Indian FinTech Cashaa and the country’s United Multistate Credit Cooperative Society teamed up to launch what they say is the world’s first cryptocurrency bank branch through a joint-venture bank called Unicas, according to a release.
The new brick-and-mortar branch is located in Jaipur and the backers say they hope to add 14 more in January 2021 and 100 more in other areas over the next two years.
The backers wrote in a post announcing the branch opening that among its features will be giving customers the ability “to transact in cryptocurrency and (Indian rupees) through a single account.”
The operation also will provide traditional banking services, according to the backers.
“This will allow us to build, scale and offer customized financial and crypto products for the local Indian markets,” said Unicas Chief Executive Dinesh Kukreja said in a prepared statement.
In other news, Miami Mayor Francis Suarez, a nonstop social media cheerleader for the notion of building a high-tech ecosystem in South Florida, publicly embraced exploring using cryptocurrency to store some government financial reserves and blockchain to secure processes such as online voting.
In response to reports the state’s chief financial officer liked the idea of exploring storing 1 percent of government reserves in cryptocurrency, Suarez tweeted: “We have a great CFO that minds the public treasure but is forward thinking on blockchain and crypto technology…”
AMBCrypto reported Wednesday (Dec. 30) that the idea of putting 1 percent of Florida’s state-owned cash in cryptocurrency was initially advanced on Twitter and that Suarez has publicly called for legislation that would put Florida on the “vanguard” of crypto-friendly government jurisdictions.
Meanwhile, BitGo Inc., a provider of digital wallets to high-net-worth individuals and institutional investors, has paid the federal government $98,839 “to settle its potential civil liability for 183 apparent violations of multiple sanctions programs,” the U.S. Treasury Department announced Wednesday (Dec. 30).
The Office of Foreign Assets Control stated in announcing the deal: “As a result of deficiencies related to BitGo’s sanctions compliance procedures, BitGo failed to prevent persons apparently located in the Crimea region of Ukraine, Cuba, Iran, Sudan, and Syria from using its non-custodial secure digital wallet management service. BitGo had reason to know that these users were located in sanctioned jurisdictions based on Internet Protocol (IP) address data associated with devices used to log in to the BitGo platform.”
The government added: “BitGo failed to implement controls designed to prevent such users from accessing its services and… BitGo did not voluntarily self-disclose the Apparent Violations and that the Apparent Violations constitute a non-egregious case.”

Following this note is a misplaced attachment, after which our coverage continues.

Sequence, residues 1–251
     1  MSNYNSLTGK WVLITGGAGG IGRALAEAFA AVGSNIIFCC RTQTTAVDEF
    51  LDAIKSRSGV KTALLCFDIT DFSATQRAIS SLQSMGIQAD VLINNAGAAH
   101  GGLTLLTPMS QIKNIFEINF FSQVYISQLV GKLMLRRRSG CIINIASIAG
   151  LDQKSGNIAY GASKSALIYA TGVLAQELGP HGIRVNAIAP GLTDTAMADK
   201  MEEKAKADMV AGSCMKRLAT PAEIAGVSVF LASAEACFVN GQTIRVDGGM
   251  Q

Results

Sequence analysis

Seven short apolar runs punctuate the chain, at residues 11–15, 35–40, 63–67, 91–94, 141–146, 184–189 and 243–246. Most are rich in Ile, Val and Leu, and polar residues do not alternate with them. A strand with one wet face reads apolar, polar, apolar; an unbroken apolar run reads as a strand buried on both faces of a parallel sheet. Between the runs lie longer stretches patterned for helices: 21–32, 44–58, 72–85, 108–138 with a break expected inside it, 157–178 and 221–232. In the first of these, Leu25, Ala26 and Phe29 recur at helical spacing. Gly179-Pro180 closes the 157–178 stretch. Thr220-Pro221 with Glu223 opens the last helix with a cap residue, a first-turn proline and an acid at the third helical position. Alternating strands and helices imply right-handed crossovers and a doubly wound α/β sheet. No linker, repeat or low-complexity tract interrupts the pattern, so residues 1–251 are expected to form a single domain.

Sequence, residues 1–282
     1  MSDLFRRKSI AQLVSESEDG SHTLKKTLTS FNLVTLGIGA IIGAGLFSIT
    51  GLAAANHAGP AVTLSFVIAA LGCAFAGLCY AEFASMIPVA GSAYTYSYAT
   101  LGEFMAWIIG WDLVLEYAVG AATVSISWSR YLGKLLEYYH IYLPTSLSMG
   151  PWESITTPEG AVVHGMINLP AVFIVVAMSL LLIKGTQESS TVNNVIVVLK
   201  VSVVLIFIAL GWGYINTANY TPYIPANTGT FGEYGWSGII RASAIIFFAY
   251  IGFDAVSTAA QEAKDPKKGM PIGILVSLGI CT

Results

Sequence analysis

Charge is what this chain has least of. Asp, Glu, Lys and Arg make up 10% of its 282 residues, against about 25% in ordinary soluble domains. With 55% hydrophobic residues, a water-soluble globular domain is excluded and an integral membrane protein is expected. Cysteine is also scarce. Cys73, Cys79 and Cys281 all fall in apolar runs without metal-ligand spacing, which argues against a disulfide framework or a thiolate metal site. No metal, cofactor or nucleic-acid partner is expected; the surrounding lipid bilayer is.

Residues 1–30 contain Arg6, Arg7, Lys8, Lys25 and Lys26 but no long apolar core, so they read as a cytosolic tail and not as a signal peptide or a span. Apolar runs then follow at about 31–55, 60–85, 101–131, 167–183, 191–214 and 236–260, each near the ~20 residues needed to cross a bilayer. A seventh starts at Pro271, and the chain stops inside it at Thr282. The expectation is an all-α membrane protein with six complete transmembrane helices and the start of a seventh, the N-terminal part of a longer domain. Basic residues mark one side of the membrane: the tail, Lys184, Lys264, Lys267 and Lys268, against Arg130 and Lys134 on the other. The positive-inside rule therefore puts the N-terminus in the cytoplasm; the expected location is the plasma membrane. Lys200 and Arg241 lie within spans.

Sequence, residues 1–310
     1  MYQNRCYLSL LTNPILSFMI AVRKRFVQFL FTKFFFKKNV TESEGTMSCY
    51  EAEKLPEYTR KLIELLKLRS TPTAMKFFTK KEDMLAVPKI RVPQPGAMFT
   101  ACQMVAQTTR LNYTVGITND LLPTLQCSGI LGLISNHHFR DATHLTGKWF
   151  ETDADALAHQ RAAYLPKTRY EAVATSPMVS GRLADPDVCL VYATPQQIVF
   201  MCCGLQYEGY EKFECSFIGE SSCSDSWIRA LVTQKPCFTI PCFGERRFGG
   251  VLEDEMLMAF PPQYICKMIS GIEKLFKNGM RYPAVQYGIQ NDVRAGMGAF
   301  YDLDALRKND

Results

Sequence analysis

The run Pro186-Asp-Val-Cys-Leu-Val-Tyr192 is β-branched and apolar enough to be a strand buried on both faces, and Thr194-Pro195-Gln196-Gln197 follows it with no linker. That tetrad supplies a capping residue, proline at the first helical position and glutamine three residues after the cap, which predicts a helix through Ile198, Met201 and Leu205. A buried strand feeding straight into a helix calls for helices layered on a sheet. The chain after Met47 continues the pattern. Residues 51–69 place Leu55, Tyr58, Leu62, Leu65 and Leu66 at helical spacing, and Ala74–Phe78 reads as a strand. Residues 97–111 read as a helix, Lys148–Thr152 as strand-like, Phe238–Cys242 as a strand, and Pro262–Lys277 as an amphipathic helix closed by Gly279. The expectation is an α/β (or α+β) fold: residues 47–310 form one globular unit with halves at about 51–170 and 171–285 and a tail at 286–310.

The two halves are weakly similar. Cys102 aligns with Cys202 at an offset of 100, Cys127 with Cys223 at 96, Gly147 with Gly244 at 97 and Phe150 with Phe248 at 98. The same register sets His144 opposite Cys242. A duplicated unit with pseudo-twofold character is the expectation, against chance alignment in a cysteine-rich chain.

The transactions at issue totaled less than $10,000 and involved about 180 people, according to the government. The government also stated in its announcement that “mitigating factors” in BitGo’s favor included the company’s “relatively small” size, clean track record for at least five years before the potential violations, cooperation with investigators and investment in systems to prevent future similar incidents.
Among the changes, according to the government, are that BitGo hired a chief compliance officer and “screens all accounts, including ‘hot wallet’ accounts, against (the Office of Foreign Asset Control’s) Specially Designated Nationals and Blocked Persons List, including blocked cryptocurrency wallet addresses identified by OFAC.”
Elsewhere in the cryptocurrency world, some leading industry players are fighting a federal move to expand anti-money-laundering regulations that have applied to banks handling cash since 1970 to exchanges handling cryptocurrency, Cryptonews and other media outlets report.
If the U.S. Treasury follows through with enacting the regulation after a comment period expires in the coming weeks, crypto exchanges will have to report transactions valued at $10,000 or more. Among the government’s arguments for expanding the policy is the use of cryptocurrency in crimes such as the distribution of ransomware.
Industry leaders, according to published reports, are complaining that the government’s 15-day comment period is too short and that the new regulations would make it hard to send funds to poor people without formal physical addresses.
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